Although the engagement at the John Alrich farm, on May 15, 1864, was the first combat action involving United States Colored Troops (USCT’s) in Spotsylvania County, it was not the only such combat in the county. A second engagement, now almost unknown aside from a brief mention in Noah Andre Trudeau’s Like Men of War: Black Troops in the Civil War, featured them again, four days later. What follows describes historical detective work undertaken in 2012 to discover the location of their May 19th skirmish.
On May 17, 1864, the six USCT regiments (and a detachment from the 29th Connecticut Infantry) composing the two infantry brigades of Brig. Gen. Edward S. Ferrero’s division moved east from bivouacs in the vicinity of the Alrich and Isaac Silver farms, both on the Orange Plank Road, to the area of Salem Church.
In serialized reminiscences published in 1899, Freeman S. Bowley, a young lieutenant in the 30th USCT, wrote of visiting another USCT regiment near Salem Church on the evening of either May 17 or 18, 1864:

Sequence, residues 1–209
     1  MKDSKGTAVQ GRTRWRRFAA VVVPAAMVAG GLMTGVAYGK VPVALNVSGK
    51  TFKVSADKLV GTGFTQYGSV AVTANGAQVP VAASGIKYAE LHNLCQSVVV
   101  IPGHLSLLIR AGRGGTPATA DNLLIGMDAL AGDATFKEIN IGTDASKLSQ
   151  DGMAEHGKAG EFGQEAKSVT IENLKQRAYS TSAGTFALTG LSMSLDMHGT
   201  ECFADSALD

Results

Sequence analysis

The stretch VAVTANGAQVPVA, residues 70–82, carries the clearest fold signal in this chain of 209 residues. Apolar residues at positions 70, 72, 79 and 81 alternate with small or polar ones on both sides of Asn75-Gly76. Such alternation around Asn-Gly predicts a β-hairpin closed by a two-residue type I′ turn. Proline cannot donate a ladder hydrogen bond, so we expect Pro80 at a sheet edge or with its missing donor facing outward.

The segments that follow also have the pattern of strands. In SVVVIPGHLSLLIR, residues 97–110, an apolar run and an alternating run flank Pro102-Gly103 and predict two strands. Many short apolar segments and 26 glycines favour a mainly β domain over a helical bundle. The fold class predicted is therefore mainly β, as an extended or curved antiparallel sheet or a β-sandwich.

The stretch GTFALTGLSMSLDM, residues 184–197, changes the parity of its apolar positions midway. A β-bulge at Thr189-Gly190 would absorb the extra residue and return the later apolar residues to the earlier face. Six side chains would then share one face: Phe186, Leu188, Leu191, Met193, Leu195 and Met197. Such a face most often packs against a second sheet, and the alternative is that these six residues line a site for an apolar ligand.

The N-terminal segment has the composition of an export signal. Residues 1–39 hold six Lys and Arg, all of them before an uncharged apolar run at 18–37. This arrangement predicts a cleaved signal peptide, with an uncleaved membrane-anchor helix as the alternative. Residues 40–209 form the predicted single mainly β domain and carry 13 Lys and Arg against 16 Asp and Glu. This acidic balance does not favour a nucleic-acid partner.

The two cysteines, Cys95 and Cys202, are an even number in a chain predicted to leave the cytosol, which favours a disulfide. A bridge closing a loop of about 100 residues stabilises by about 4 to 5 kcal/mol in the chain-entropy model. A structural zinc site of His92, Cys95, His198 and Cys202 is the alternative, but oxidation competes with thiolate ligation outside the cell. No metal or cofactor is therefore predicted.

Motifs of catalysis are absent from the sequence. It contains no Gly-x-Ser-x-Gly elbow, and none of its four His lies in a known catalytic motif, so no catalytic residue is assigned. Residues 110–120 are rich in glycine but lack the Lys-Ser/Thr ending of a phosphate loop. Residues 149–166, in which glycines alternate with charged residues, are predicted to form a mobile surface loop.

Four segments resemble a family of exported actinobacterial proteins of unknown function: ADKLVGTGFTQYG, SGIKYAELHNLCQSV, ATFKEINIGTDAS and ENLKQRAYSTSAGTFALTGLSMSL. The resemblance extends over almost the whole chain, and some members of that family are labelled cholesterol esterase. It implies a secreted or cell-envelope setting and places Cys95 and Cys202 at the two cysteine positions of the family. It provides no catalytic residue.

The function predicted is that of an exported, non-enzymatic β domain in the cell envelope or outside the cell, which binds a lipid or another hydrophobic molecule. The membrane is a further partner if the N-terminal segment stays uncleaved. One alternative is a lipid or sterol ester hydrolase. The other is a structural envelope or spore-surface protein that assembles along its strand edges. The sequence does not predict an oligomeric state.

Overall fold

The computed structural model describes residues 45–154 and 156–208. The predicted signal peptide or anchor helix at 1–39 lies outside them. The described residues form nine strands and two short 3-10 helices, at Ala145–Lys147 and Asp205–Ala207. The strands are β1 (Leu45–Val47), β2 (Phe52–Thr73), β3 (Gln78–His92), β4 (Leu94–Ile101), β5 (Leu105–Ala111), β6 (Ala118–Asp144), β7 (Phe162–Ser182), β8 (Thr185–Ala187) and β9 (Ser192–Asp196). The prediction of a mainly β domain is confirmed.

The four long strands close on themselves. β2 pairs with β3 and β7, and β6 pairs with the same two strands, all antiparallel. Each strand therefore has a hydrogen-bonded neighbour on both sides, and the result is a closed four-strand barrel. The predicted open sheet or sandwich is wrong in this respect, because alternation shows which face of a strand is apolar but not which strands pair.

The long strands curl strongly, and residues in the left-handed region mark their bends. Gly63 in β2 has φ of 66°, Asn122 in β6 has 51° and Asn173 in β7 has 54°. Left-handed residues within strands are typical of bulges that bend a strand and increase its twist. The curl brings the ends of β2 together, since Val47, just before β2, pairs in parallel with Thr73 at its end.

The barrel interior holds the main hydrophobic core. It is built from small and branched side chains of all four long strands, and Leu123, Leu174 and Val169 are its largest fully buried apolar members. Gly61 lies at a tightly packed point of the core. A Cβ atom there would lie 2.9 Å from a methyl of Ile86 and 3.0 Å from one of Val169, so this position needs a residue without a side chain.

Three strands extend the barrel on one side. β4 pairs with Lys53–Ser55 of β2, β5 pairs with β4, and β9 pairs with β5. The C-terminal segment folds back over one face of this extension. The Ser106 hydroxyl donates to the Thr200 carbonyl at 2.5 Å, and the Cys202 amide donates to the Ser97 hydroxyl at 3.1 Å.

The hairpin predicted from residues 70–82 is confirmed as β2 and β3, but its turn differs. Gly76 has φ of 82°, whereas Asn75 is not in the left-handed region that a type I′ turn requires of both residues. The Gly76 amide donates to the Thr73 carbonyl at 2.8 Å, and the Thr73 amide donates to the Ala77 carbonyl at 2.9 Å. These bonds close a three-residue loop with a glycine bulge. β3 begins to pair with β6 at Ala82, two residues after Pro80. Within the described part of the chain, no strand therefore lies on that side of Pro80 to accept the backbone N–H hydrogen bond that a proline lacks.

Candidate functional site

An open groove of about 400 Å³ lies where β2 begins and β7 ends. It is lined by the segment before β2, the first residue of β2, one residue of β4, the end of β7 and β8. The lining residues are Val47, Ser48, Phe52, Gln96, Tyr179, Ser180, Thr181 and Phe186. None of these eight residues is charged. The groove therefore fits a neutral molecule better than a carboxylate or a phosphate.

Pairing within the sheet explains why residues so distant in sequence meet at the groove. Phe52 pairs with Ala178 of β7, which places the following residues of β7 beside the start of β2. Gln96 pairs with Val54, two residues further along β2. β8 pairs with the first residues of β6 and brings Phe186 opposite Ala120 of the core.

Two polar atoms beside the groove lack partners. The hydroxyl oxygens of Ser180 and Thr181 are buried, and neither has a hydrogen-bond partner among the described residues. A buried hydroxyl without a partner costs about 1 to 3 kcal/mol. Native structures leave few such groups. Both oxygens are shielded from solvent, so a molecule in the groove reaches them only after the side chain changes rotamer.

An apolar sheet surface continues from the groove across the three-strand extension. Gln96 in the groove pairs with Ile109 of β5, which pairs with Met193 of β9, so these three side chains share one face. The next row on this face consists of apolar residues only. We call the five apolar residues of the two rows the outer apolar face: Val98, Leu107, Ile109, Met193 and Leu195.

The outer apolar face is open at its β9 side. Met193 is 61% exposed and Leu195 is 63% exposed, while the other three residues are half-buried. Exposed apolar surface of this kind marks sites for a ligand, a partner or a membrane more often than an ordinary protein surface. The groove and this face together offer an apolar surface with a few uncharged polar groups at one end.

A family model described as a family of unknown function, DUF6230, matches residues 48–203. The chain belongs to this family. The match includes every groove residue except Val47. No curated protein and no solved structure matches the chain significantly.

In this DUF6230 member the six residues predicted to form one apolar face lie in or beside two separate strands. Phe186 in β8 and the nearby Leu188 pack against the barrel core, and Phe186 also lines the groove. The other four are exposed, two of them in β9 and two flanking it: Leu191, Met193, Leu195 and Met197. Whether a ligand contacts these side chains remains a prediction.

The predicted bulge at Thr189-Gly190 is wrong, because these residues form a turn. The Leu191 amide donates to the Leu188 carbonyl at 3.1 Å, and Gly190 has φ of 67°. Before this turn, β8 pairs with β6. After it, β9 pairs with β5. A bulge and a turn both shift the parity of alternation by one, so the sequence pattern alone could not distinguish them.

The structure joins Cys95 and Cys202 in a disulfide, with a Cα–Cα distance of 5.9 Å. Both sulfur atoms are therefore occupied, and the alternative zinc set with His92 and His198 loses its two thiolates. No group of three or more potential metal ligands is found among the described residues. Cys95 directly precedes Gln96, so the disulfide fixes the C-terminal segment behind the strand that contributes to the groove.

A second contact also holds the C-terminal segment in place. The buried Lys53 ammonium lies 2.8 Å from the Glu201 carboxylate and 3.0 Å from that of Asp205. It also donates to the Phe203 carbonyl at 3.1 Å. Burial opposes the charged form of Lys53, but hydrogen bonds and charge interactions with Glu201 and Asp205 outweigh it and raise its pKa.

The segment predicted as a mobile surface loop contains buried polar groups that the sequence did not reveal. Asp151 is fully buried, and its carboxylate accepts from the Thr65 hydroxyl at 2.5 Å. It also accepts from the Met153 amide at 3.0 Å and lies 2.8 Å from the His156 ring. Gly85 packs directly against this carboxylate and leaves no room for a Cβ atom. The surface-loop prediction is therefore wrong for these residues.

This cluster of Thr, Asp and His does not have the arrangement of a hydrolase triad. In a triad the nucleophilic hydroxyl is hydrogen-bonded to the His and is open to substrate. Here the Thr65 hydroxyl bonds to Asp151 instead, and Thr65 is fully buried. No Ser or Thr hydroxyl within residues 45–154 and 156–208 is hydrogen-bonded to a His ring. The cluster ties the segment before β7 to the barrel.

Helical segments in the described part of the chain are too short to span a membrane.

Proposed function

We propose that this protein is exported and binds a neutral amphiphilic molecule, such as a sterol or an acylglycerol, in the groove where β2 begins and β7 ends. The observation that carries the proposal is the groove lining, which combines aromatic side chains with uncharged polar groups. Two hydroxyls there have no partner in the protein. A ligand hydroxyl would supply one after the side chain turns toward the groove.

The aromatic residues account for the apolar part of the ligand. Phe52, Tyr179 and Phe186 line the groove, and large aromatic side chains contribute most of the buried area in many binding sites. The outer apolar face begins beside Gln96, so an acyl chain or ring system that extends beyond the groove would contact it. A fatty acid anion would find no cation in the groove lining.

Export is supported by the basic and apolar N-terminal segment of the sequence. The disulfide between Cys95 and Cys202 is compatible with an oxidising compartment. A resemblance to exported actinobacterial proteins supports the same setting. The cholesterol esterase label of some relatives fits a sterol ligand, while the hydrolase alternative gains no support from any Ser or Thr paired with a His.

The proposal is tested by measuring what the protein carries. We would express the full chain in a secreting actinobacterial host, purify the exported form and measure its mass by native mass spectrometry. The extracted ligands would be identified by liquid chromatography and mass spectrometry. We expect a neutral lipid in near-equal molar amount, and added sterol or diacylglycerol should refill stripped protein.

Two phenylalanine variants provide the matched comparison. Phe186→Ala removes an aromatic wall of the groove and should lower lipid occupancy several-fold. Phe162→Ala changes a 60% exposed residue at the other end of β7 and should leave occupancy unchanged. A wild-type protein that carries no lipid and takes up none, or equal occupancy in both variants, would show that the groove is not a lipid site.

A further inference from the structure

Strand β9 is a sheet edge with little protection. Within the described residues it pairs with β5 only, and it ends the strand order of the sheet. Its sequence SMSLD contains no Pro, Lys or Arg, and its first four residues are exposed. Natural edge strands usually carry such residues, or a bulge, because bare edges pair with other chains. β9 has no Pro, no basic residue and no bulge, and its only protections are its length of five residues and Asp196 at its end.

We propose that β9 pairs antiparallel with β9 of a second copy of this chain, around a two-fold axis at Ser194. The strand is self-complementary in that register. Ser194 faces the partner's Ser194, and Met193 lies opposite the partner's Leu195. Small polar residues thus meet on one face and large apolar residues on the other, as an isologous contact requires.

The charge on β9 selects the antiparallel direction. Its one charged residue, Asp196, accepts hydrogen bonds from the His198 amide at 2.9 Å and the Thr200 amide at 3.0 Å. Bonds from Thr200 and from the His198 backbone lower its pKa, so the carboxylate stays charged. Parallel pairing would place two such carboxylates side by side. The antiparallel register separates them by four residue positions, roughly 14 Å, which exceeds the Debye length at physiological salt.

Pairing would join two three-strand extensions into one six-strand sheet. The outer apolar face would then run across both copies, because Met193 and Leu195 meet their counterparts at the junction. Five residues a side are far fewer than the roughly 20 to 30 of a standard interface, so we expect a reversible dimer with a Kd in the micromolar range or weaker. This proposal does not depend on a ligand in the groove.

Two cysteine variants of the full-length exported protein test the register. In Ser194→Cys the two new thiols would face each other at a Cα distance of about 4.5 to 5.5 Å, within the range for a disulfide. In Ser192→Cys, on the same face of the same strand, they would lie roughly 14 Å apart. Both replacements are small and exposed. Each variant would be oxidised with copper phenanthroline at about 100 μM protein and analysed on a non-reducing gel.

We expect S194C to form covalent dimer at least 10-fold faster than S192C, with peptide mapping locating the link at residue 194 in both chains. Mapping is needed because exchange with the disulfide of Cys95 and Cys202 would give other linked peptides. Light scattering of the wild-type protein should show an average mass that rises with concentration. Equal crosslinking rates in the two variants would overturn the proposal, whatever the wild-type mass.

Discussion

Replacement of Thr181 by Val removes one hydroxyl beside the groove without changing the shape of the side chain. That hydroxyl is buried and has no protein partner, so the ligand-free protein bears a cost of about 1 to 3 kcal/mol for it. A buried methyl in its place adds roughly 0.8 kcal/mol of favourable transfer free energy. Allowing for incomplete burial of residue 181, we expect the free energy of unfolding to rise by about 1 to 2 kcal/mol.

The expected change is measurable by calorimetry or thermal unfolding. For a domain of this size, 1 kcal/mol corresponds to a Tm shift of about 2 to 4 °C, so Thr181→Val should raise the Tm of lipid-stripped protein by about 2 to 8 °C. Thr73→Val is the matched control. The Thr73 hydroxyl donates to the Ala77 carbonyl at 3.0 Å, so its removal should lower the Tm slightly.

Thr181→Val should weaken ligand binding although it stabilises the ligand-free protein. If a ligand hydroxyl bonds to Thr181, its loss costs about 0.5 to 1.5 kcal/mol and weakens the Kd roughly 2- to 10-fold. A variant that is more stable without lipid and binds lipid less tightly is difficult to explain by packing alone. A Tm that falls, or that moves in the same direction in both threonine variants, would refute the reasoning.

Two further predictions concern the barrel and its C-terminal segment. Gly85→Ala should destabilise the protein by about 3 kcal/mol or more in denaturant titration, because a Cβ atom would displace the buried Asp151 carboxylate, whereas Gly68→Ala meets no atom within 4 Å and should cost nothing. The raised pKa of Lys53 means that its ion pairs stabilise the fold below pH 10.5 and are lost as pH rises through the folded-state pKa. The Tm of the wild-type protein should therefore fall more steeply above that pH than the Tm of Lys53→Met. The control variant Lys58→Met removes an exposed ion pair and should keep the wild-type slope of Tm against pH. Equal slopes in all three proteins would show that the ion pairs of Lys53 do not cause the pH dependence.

Grouped under the great pine trees, the scene lighted up by fires of pine knots, the men, all wearing their accouterments, gathered. Every black face was sober and reverent. The leader “lined off” the words of the hymn, and all sang…. Then came prayers and exhortations.
The cannon were roaring at Spottsylvania, and the dropping sound of musketry was heard all the time. One powerful black soldier prayed, “Oh, Lord Jesus, you knows we’s ready an’ willin’ to die for de flag; dat’s what we’se hyah foh; but, O, Lord, if we falls, comfort de lubbed ones at home.”
An encounter with the enemy was indeed in the immediate offing for the USCT’s.